Published March 8, 2019 | Updated February 18, 2021 | 3 minute read
Recently we visited an engagement survey company, and as they walked us through their dashboard, with its infinite ways to view results and analyze data, my brain froze around a few big questions.
Why is this so complex? What is it all for? What is the ultimate outcome? 100% engagement? When do you stop?
At this point, entirely disconnected from the presentation, I smiled wondering about what 100% engagement would look like. People running through an open plan office screaming “I NEVER WANT TO LEAVE THIS BUSINESS - I AM MY FULLEST TRUEST SELF HERE - ALL MY FRIENDS ARE HERE - I LOVE THIS COMPANY!” I mean, we all remember that infamous Steve Ballmer moment, right?
It’s obvious that the ultimate goal of an engagement survey isn’t a permanent frenzied state of workplace bliss. Because it doesn’t exist, and even if you could achieve it, it would be exhausting. So what is the goal behind this investment? Why do we continue to launch engagement surveys and hound teams annually, and increasingly quarterly, to “stop what you’re doing and tell me how you feel”? The point is to do something about it.
It seems simple enough, but many organizations are struggling with too much data and not enough action. Employees input their feelings into the magic box, and that data funnels up to some higher power, and if employees are lucky they might hear five minutes on it at the next all-hands meeting. The other common misstep is delegating the work to a “task force” without delegating any clear authority. A company we recently worked with took this approach. The executive team delegated the engagement survey work to an HR-led committee which then appointed a cross-functional working group to design the solutions. Now, the working group is designing solutions, with no idea who has the authority to say yes to their plans, or who is going to implement them. Talk about a morale killer.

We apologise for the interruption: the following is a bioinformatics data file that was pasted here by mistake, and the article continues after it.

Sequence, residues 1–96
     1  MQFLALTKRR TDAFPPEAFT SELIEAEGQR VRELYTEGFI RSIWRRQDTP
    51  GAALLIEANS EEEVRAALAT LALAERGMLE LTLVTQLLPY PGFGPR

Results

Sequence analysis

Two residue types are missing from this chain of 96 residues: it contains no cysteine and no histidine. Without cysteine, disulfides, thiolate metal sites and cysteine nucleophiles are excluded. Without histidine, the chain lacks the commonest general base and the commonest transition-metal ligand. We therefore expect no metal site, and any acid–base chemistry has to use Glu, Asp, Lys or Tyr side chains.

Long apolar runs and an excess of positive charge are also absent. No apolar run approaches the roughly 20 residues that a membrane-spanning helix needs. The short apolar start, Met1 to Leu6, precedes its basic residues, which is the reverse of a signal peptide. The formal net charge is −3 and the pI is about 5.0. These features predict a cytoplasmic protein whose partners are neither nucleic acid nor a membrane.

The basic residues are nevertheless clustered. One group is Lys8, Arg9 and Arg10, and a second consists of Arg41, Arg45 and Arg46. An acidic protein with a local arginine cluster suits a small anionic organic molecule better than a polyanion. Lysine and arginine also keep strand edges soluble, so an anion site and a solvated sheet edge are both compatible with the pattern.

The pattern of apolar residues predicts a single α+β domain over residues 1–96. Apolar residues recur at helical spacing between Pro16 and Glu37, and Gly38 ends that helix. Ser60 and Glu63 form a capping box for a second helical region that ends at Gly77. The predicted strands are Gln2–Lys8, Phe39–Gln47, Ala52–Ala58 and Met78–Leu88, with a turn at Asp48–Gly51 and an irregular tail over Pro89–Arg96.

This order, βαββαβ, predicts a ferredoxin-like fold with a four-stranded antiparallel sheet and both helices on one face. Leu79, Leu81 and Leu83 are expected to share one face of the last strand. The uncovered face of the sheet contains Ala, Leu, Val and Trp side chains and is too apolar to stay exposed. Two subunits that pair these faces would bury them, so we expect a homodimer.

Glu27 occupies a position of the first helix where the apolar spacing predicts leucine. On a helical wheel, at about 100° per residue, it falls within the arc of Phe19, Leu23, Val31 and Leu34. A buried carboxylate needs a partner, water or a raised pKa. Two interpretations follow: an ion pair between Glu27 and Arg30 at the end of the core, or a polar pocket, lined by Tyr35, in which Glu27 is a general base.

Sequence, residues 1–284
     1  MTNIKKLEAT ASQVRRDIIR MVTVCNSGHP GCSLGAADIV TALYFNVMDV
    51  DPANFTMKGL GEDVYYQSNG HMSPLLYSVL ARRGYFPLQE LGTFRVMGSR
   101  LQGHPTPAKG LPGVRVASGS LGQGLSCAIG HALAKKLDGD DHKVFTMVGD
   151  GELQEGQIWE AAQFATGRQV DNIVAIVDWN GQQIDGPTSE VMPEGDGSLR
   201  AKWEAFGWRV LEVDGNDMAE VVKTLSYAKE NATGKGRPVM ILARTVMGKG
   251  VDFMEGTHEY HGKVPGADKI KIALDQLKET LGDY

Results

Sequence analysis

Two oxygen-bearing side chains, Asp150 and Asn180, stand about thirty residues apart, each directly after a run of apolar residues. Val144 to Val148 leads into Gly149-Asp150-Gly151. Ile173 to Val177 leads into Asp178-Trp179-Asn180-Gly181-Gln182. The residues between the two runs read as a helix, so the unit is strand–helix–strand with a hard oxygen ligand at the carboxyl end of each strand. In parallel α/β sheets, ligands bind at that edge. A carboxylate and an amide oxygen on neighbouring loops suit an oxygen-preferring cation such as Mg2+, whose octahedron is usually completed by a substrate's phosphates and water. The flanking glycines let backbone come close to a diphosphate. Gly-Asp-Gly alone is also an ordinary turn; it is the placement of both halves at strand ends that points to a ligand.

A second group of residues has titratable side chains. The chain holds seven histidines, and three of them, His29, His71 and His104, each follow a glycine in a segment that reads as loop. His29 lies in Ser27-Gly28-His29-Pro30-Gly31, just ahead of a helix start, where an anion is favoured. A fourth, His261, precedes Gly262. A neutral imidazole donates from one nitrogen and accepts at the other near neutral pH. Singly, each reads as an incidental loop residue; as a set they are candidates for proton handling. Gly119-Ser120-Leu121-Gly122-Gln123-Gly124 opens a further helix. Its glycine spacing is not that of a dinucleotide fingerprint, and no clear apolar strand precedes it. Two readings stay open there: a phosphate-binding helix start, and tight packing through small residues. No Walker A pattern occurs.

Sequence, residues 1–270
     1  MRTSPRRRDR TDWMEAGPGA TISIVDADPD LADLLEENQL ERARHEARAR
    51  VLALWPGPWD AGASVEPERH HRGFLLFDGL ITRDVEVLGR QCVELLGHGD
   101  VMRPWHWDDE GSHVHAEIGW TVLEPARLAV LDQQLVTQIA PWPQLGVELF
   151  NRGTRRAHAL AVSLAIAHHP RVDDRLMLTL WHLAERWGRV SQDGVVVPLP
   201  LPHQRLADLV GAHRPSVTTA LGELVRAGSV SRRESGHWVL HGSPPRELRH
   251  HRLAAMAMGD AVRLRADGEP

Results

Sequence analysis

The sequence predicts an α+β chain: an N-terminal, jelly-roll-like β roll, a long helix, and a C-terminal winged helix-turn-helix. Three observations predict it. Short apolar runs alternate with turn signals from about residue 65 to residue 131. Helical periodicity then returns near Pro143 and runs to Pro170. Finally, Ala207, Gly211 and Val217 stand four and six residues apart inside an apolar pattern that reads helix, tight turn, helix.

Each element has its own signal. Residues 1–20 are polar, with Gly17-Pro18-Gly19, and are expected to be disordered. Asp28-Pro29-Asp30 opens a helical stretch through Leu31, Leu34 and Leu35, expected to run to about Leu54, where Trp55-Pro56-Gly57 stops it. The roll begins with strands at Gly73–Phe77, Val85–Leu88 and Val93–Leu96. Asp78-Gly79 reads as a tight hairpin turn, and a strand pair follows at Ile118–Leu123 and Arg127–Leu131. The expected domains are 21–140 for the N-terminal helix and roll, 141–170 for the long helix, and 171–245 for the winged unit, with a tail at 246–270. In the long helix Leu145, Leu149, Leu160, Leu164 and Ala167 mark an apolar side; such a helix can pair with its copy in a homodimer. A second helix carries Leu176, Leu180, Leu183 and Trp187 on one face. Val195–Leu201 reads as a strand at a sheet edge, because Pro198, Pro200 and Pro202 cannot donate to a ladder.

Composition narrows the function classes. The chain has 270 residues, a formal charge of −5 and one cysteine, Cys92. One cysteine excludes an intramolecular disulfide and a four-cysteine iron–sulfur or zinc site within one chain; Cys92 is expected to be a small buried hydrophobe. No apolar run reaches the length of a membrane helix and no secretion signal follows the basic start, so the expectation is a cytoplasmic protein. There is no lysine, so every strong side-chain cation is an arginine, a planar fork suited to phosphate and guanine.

There are bright spots, though. Ranked as #16 on Fortune’s 2019 Best Places to Work, Baird, a financial services firm, turned an employee question in a public Q&A into a new parental leave policy within ten weeks. Even Best Buy has managed to stay relevant in an Amazon world, in part because the CEO, who, after spending time in stores, prioritized fixing the broken systems that employees were complaining about. It’s also worth noting how in both these cases, leaders found other ways of understanding employee engagement outside of surveys. Inspired by these stories and the organizations we’ve worked with, here are three simple steps that will help you turn employee gripes into action.
1. Give others clear authority to implement changes.
Instead of defaulting to the usual suspects for taking on this work, consider expertise and experience alongside these questions:
- Who has the best access to data/info?
- Who is most impacted by the decision?
- Who has energy/time to do the work?
- Who has the skill to solicit and integrate advice when needed?
2. Take an iterative approach.
Rather than spending months or even years trying to come up with a perfect solution, encourage the team to explore the very next ‘safe to try’ step that would move us in the right direction. This is a great way to build evidence for a particular change while not making any decisions that feel too big to reverse.
3. Work out loud.
The truth is that the ‘grand reveal’ approach slows us down. Instead, sharing work in progress fosters visibility, input, and feedback on the work being done so that teams can quickly adapt to new circumstances and changing information.
If you follow these steps you will make better, faster progress. And beyond this benefit, taking this approach to addressing engagement will make employees feel heard and included. It might even make them feel more engaged.
A final word of advice that you won't find in your engagement survey dashboard—it might get worse before it gets better. We saw this in one large consumer packaged goods company—when people realize it is possible to work in a new way, it makes them look more critically at the broader organization. To be successful, you have to commit to learning through the change and stay focused on the long term, which means setting smaller incremental goals. And as a side benefit, when the next survey comes around, there really will be something to write in about.